"I believe Lucy Flores," Warren said. "And Joe Biden needs to give an answer."
Flores, a former Nevada state assemblywoman, published an essay in New York Magazine's The Cut this week. She described a moment in 2014 when she was 35 and the Democratic nominee for lieutenant governor of Nevada. Flores said Biden was there to support her campaign and approached her as she was preparing to speak at a campaign rally.
"As I was taking deep breaths and preparing myself to make my case to the crowd, I felt two hands on my shoulders. I froze," Flores wrote. "… I felt him get closer to me from behind. He leaned further in and inhaled my hair. … He proceeded to plant a big slow kiss on the back of my head."
Asked whether Biden should choose not to run for president, given the allegation, Warren said, "That's for Joe Biden to decide."
Biden has been weighing a run for president in 2020 but has yet to announce his decision.
Biden spokesman Bill Russo issued a statement saying the former vice president does not recall the incident Flores described.
"Neither then, nor in the years since, did he or the staff with him at the time have an inkling that Ms. Flores had been at any time uncomfortable, nor do they recall what she describes," the statement said.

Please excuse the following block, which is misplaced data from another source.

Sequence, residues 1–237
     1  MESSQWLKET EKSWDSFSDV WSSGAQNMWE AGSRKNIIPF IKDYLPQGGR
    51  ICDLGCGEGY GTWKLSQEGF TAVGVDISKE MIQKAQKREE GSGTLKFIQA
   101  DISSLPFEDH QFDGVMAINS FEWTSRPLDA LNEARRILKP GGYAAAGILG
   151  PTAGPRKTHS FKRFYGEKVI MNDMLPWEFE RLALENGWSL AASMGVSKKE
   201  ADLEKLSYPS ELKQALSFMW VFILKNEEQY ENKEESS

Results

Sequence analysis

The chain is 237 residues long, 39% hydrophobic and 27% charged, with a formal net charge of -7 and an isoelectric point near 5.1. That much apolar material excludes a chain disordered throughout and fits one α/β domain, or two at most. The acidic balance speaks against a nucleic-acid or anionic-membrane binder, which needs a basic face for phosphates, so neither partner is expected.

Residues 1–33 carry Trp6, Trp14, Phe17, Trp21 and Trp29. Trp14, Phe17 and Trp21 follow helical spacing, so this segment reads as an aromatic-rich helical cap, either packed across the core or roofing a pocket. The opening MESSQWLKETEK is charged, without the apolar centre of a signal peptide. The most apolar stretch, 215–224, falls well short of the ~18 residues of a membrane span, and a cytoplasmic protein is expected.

Warren made the remarks to reporters following her appearance Saturday at a forum in Storm Lake. Other candidates in attendance also responded to reporters' questions about Biden.
"I believe Lucy Flores. I believe that the vice president put a statement out today on that," former Housing and Urban Development Secretary Julian Castro told reporters. "And we need to live in a nation where people can hear her truth."
"Do you think it disqualifies him for the presidency?" a reporter asked.
"He’s going to decide whether he’s going to run or not and then the American people, if he does, will decide whether they support him or not," Castro said.
John Delaney, the former U.S. congressman from Maryland, said he had not yet read the full details of Flores' allegation.
"I've heard about them. I don't know the details," he said. "I have no reason to doubt the woman, who I think was a state representative or ran for lieutenant governor."
Minnesota Sen. Amy Klobuchar said she had not read the essay and did not have anything to add.
This article originally appeared on Des Moines Register: After Joe Biden kissing allegation, 2020 candidates weigh whether he should enter race